Children exposure to inorganic and organic arsenic metabolites: A cohort study in Northeast Italy

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Abstract

The aim of this study was to provide urinary levels of total arsenic (TAs) and As species as arsenobetaine (AsB), arsenocholine (AsC), inorganic As (i.e., [As(III)+As(V)]), methylarsonic acid (MMA) and dimethylarsinic acid (DMA) in 7 year-old-children (n = 200) enrolled in the Northern Adriatic Cohort II (NACII), a prospective cohort in a coastal area of Northeast Italy. TAs was determined by sector field-inductively coupled plasma mass spectrometry (SF-ICP-MS) and AsB, AsC, As(III), As(V), MMA and DMA by ion chromatography coupled to ICP-MS (IC-ICP-MS). The geometric mean (GM) for TAs was 12.9 μg/L and for [iAs + MMA + DMA] was 4.26 μg/L. The species AsB (GM of 5.09 μg/L) and DMA (GM of 3.20 μg/L) had the greatest percentage contribution to TAs levels; a greater percentage contribution from AsB is seen at TAs >10 μg/L and from DMA at TAs <10 μg/L. Urinary [iAs + MMA] levels were positively associated with [iAs + MMA + DMA] and DMA with AsB levels. Fish, shellfish and crustaceans consumption increased the AsB and TAs levels, while rice intake, mothers’ education level and selenium (Se) concentration influenced the DMA concentration. Children have a high capacity to metabolize and detoxify the iAs because of the higher secondary methylation index (ratio DMA/MMA) with respect to primary methylation index (ratio MMA/iAs). In addition, the median level of [iAs + MMA + DMA] in the whole population of children was lower than the Biomonitoring Equivalent (BE) value for non-cancer endpoints. Also the Margin of Safety (MOS) value based on the population median was greater than 1, thus the exposure to the toxicologically relevant As species was not likely to be of concern. Children exposure to arsenic species.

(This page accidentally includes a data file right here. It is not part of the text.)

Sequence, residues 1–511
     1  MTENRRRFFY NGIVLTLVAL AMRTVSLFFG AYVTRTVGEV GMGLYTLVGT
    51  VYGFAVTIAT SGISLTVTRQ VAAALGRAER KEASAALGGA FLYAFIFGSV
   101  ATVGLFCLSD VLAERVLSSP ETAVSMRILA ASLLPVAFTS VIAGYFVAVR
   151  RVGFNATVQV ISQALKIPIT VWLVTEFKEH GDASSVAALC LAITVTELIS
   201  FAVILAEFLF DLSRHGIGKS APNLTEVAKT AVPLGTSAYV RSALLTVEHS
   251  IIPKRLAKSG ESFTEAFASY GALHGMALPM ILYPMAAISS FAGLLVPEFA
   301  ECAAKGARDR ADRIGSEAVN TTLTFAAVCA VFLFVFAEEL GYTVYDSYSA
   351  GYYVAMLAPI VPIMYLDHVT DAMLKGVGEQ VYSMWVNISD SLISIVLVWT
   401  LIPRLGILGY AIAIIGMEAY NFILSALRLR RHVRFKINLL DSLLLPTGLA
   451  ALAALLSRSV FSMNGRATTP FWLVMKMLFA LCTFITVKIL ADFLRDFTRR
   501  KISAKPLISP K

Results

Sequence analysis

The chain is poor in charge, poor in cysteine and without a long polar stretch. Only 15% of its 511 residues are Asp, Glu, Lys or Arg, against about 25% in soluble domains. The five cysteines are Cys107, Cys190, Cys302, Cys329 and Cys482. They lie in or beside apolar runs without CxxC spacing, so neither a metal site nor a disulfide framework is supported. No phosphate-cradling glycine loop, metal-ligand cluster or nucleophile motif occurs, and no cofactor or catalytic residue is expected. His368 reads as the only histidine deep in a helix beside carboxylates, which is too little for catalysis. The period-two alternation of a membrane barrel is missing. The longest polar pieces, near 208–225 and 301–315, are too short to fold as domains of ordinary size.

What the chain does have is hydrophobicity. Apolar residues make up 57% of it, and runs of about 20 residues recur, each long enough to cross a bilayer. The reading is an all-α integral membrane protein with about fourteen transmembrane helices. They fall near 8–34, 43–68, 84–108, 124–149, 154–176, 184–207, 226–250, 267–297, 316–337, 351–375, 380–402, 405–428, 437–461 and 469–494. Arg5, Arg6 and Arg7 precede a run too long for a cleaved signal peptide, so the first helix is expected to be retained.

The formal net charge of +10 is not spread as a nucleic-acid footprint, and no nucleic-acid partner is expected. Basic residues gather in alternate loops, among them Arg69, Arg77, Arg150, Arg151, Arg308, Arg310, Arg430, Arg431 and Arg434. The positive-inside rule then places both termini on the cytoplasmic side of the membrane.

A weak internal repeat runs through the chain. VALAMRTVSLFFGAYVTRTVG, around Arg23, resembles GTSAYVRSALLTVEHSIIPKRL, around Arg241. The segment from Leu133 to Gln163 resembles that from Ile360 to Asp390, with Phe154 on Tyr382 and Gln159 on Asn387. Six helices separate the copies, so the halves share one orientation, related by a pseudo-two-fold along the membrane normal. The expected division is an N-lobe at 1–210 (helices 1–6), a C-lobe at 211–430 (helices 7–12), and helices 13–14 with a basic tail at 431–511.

Original languageEnglish
Article number114826
JournalEnvironmental Pollution
Volume265
DOIs
Publication statusPublished - Oct 2020

Keywords

  • Arsenic species
  • Children
  • Health based guidance values (HBGVs)
  • Human biomonitoring
  • Reference values (RVs)
  • Total arsenic

ASJC Scopus subject areas

  • Toxicology
  • Pollution
  • Health, Toxicology and Mutagenesis

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